at TARGIT that it wasn’t so long ago that a business consisted of just three core assets: people, products, and money. All three were critical to the success of the company. In recent years though, a fourth asset has been added, and its importance is paramount: data. Companies that either ignore their data or don’t utilize it as an asset are failing hard and fast.
When company decision makers don’t have the data they need to make critical decisions, at least one of those remaining core assets suffers in some way. And this leads to a systematic breakdown of everything else important to the business.
Surprisingly, what I’ve found is one of the largest obstacles to data isn’t outdated technologies or disorganized data collection, but employees standing in the way.
You ARE ready
My colleague Kim recently shared a blog post debunking the three most common excuses we hear companies give as to why they’re not ready to start a BI implementation. From lack of processes to messy data warehouses to no data warehouse at all, we’ve pretty much heard it all at this point.
I’ve heard variations of these most common objections from prospects since the very beginning of my career at TARGIT. My team and I speak to employees from companies around the world whose executives are constantly requesting analytical insight and aren’t getting the data they need.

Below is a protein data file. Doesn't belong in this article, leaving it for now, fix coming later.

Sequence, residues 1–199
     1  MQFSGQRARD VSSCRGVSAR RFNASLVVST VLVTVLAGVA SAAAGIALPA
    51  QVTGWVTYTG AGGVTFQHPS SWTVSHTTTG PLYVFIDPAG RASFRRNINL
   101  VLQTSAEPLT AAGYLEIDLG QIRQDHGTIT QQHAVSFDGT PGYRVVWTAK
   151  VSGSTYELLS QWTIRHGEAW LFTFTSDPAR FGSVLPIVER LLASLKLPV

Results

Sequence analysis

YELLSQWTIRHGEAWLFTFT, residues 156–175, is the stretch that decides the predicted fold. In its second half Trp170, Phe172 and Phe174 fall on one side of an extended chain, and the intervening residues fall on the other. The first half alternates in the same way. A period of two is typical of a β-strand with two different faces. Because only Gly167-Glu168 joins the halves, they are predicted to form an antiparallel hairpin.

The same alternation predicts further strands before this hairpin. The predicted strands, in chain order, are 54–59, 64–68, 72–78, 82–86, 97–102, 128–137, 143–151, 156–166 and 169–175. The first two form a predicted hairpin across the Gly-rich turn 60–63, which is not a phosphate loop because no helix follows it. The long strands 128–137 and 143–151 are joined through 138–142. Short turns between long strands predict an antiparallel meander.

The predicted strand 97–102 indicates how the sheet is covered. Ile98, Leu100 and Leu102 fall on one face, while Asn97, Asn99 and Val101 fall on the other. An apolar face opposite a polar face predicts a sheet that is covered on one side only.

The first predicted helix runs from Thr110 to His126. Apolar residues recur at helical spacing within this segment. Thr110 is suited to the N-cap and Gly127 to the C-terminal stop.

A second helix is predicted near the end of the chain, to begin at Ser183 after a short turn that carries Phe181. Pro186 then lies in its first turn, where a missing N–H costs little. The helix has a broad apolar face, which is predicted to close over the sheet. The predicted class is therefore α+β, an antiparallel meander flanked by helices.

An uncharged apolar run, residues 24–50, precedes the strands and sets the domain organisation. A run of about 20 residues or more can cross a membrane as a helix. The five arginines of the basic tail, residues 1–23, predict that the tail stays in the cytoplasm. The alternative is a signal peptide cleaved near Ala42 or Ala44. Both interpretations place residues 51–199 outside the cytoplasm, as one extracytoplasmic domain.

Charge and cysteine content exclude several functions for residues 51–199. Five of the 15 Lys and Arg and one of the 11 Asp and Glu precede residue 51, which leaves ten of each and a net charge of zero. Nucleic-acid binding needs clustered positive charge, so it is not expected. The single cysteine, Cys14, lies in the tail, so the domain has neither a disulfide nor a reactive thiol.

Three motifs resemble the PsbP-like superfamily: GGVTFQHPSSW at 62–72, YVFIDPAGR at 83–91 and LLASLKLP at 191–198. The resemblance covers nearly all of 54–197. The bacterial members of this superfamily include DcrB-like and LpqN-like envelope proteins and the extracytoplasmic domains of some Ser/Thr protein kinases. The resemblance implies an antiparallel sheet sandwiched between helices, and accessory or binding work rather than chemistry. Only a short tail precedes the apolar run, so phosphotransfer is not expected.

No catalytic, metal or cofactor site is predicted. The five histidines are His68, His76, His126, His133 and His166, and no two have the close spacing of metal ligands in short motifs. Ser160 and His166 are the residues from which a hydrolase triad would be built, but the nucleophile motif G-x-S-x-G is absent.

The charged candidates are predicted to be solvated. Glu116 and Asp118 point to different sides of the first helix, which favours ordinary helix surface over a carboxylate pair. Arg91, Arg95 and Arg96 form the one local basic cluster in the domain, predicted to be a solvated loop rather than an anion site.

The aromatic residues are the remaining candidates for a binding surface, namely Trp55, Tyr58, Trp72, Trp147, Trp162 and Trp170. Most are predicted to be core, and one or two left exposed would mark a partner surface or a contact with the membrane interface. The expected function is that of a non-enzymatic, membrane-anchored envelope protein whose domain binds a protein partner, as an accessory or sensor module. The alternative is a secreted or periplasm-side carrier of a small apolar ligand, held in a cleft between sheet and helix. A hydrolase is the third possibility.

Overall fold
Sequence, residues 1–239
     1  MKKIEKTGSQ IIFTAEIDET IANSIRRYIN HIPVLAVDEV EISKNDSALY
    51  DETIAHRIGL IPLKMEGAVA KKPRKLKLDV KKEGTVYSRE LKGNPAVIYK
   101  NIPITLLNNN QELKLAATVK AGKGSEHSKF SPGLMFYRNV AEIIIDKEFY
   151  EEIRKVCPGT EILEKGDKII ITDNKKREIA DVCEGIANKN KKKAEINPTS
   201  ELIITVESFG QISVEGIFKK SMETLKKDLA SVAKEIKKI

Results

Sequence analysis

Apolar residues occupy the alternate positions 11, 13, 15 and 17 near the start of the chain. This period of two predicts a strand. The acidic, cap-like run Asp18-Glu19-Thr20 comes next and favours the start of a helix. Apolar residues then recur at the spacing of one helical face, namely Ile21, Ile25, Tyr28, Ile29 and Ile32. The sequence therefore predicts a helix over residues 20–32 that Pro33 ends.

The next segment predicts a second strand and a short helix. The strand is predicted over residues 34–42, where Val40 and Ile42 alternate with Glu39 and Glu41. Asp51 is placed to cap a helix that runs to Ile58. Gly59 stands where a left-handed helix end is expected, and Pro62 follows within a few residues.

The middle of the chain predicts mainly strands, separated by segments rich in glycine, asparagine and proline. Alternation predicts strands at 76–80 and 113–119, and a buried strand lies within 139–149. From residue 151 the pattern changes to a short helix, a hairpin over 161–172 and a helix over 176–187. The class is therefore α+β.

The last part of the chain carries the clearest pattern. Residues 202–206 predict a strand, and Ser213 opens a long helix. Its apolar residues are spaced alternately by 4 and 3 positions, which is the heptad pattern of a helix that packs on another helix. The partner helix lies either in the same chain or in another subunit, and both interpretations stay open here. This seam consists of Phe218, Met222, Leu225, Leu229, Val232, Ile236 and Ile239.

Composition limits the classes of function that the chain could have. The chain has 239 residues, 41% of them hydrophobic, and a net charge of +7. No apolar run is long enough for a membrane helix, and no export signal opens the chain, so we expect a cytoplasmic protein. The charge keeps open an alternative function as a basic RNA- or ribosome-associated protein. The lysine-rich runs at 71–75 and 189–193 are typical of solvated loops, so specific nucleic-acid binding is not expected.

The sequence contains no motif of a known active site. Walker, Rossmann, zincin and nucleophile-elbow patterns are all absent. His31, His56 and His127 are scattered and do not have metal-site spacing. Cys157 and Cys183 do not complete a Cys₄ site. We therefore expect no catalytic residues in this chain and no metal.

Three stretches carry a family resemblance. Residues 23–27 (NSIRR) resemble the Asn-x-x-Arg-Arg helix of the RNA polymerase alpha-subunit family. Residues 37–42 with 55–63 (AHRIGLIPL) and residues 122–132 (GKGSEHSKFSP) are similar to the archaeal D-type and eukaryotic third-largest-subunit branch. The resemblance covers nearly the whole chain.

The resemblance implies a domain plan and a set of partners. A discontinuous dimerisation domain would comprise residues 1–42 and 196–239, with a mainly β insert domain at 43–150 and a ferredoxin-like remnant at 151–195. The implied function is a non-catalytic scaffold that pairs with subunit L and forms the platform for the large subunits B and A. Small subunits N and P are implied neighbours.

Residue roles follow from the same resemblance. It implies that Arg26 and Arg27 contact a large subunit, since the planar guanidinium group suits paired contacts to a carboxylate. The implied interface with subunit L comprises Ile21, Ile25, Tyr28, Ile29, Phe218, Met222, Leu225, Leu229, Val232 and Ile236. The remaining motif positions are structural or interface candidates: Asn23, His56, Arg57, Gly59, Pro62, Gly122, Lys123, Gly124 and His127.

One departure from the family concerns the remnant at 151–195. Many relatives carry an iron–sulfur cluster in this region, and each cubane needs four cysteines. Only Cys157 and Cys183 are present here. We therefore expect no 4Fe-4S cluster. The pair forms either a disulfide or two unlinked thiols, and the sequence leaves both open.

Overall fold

These excuses all lead to a form of paralysis. Companies facing these assumed road blocks don’t even know where to start, so nothing gets done to fix the status quo.
Think big, start small
At TARGIT, we always tell our clients to “think big, start small.” Not just in BI strategy, this also applies to the BI implementation process. The single best way to begin a data warehouse cleanup, for example, is to start a business intelligence project. Only then will you be able to pinpoint precisely what is inaccurate or missing from the data. You can read our steps to BI in this free guide: 3 Stages of Becoming an Analytics-Driven Organization.
Delaying BI isn’t just a roadblock to a fully optimized and transparent business strategy, it’s dangerous. We often speak to managers and other mid-level employees who tell us how often their company executives ask for data, reports, and analyses to help them uncover particular insights. These mid-level employees though, don’t want to invest in BI until their data is totally clean and their processes are perfected.
Before long, the data or technology will look like less of a road block than you do. When your executive team is asking for better insight and visibility and you can’t provide it, not only are you jeopardizing the success of the company, but you’re jeopardizing the success of your career. How many times can you tell the boss “no” before it’s the last time?
Give company decision makers the information they’re looking for. Go as far as you can and worry about cleaning data and processes later.
Looking at your data from a BI perspective—with an end result in mind—instead of a purely data cleansing perspective fosters an environment of data optimized for analysis. You won’t know what data is “dirty” or processes are imperfect until the person who needs that insight is looking at it. You must give it to the decision-makers to figure it out. And for that you need BI. That’s why business intelligence itself will help prioritize the steps of the BI strategy.